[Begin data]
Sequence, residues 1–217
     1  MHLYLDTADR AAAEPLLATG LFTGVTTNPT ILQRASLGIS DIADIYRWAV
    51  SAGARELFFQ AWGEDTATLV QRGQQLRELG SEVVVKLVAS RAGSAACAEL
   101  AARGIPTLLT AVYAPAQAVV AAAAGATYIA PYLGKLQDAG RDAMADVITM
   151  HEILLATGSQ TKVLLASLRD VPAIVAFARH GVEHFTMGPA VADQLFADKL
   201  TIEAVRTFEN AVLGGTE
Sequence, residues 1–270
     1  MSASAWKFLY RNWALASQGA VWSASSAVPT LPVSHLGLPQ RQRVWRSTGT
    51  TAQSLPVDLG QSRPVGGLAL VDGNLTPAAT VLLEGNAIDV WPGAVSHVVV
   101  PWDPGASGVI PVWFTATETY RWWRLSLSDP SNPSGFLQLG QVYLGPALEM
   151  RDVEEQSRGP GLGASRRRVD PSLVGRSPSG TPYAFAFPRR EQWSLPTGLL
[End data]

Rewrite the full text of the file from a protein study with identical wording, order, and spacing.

Sequence, residues 1–217
     1  MHLYLDTADR AAAEPLLATG LFTGVTTNPT ILQRASLGIS DIADIYRWAV
    51  SAGARELFFQ AWGEDTATLV QRGQQLRELG SEVVVKLVAS RAGSAACAEL
   101  AARGIPTLLT AVYAPAQAVV AAAAGATYIA PYLGKLQDAG RDAMADVITM
   151  HEILLATGSQ TKVLLASLRD VPAIVAFARH GVEHFTMGPA VADQLFADKL
   201  TIEAVRTFEN AVLGGTE
Sequence, residues 1–270
     1  MSASAWKFLY RNWALASQGA VWSASSAVPT LPVSHLGLPQ RQRVWRSTGT
    51  TAQSLPVDLG QSRPVGGLAL VDGNLTPAAT VLLEGNAIDV WPGAVSHVVV
   101  PWDPGASGVI PVWFTATETY RWWRLSLSDP SNPSGFLQLG QVYLGPALEM
   151  RDVEEQSRGP GLGASRRRVD PSLVGRSPSG TPYAFAFPRR EQWSLPTGLL